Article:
A few days ago, I spoke to a group of rural entrepreneurs in Huila, Colombia, many of whom were smallholder coffee producers. As I stood at the front of the room, presenting on agribusiness, I looked around at my audience, all of them determined to learn as much as possible. There was a hunger in the room, a hunger to improve and grasp new opportunities.
My audience was made of up of many of the entrepreneurs pushing Colombia’s coffee industry forward – but they don’t just exist in Huila. You’ll find them all over the country. They want to adopt best practices, collaborate, share knowledge, experiment with techniques and, perhaps most importantly, improve their businesses. And to do so, they’re often looking outside of the traditional models of coffee production and trading.
So why is entrepreneurialism thriving in Colombia? And who are the producers leading the way? Keep reading to find out.
Young Colombia seedlings grow. Credit: Floval Group Inv.
The Tools for Increased Entrepreneurialism
Small producers have increasingly been taking on the challenges of modernization, implementing new practices that will improve quality or yield. Yet this can only be possible with cash flow, resources, and the right know-how.
Access to credit allows producers to invest in their farm, purchasing new machinery, building infrastructure, and implementing new technology. This can increase their efficiency or quality and, in turn, their profits – allowing them to provide a better education for their children, improve their quality of life, and reinvest in their farm. It enables producers to act as entrepreneurs – as business people.
And here in Colombia, a mixture of national and local government bodies, banks, and non-government organizations (such as Fairtrade) work to make it easier for coffee producers to take out microloans. As part of its Colombia Siembra scheme, the Ministry of Agriculture and Rural Development works with banks to ensure US $15,000 million is made available in loans for coffee farm renovations.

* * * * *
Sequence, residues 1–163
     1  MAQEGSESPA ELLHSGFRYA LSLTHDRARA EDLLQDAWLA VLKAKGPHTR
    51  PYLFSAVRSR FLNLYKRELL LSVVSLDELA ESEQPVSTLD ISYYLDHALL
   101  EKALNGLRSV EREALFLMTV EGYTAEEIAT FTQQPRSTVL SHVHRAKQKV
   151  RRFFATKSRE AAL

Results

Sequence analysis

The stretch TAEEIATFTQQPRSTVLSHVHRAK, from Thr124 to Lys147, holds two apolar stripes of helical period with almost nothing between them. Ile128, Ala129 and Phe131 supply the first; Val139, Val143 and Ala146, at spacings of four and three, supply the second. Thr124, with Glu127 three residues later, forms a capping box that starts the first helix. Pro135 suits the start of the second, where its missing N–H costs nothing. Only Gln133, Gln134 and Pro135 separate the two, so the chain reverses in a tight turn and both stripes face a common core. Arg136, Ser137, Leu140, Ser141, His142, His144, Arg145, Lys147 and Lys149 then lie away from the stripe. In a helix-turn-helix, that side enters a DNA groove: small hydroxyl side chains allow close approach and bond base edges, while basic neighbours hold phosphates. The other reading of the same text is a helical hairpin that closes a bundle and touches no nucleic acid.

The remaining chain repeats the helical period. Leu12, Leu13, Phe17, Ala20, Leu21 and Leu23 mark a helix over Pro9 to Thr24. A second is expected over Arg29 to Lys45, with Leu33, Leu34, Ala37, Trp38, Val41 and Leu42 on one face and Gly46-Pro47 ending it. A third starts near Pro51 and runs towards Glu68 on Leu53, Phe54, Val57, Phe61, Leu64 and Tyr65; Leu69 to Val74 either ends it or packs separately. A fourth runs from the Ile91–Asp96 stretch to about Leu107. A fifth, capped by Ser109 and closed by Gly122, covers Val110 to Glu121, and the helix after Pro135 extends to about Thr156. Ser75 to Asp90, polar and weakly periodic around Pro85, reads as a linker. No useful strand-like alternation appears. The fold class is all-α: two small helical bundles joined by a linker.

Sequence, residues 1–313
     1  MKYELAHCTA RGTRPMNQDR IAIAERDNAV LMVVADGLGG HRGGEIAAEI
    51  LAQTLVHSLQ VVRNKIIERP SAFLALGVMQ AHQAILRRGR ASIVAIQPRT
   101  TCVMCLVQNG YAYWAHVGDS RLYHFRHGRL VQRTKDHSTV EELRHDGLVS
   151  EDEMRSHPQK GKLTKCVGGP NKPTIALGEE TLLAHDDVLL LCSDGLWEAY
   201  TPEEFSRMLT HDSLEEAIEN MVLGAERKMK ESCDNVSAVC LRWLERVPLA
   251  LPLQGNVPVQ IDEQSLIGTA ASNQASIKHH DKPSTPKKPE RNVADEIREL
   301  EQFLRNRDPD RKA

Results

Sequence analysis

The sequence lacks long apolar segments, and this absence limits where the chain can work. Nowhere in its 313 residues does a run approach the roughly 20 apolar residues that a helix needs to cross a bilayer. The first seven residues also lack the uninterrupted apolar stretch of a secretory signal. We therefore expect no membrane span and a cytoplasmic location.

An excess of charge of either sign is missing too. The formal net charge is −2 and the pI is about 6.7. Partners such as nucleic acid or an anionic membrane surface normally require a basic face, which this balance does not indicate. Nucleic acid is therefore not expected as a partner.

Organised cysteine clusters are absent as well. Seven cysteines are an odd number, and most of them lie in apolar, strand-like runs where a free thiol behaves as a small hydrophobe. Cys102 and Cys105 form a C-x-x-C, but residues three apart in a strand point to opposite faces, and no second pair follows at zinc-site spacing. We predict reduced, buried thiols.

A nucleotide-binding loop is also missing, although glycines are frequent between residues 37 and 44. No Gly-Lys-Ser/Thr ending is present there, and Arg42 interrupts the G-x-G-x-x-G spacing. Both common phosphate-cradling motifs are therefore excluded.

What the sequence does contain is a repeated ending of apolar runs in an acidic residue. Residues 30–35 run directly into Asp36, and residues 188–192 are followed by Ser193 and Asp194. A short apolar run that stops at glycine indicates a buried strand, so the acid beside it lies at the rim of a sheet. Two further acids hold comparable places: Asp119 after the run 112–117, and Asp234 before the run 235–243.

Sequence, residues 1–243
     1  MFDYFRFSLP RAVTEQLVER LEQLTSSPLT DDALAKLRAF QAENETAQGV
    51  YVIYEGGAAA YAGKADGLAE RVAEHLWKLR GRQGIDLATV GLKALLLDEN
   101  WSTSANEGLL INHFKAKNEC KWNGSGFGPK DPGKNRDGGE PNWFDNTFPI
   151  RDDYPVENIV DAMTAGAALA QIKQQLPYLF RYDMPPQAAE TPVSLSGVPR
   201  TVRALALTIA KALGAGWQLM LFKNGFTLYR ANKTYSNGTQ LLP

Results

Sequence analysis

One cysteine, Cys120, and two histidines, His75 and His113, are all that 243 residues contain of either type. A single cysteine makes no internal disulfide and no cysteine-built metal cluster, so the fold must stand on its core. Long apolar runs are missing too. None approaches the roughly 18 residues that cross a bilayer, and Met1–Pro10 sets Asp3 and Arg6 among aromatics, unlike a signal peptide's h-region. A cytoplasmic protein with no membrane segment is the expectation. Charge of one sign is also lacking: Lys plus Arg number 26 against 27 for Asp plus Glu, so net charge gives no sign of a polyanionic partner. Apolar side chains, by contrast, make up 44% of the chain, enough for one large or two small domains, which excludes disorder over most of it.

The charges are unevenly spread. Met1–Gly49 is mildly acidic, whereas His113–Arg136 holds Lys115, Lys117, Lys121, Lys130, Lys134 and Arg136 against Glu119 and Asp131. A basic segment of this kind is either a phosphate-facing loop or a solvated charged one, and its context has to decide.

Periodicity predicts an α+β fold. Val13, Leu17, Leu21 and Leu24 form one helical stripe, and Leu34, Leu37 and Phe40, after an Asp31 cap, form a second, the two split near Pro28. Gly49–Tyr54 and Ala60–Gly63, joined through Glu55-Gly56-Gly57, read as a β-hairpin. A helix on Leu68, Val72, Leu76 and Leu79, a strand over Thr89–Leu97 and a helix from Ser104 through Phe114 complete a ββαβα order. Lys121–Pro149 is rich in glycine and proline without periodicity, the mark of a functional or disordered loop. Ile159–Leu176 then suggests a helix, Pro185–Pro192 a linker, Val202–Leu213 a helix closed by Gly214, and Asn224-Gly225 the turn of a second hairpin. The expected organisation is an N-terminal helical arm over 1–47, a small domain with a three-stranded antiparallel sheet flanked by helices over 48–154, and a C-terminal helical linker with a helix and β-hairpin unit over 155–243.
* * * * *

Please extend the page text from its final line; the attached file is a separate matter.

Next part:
While these loans can sometimes come with conditions (such as planting the rust-resistant but controversial Castillo), they sow the ground for entrepreneurialism and business growth.
Edwin Valencia Rodriguez of Floval Group Inv. inspects Colombia seedlings growing in greenhouses in the Huila region. Credit: Floval Group Inv.
Modern Business Tools
Equipping producers to act as entrepreneurs, able to refine processes and innovate, means making sure they can access good business tools. The right tools make data processing, inventory control, and implementation of new practices easier. From Excel spreadsheets to apps such as Amazon and Nespresso, producers can use these to better manage their farm and make informed business decisions.
Colombia seedlings grow under shade. Credit: Floval Group Inv.
Training & Know-How
Formal or informal, theoretical or practical, the sharing of information is key to improving farming – and business – practices.
The National Vocational Training Agency (SENA) provides free-of-charge training in association with the government, NGOs, companies, and unions. Similarly, the internet makes accessing information about production, processing, and farm management much easier – whether it’s via the SCA, FAO, or even publications such as this one!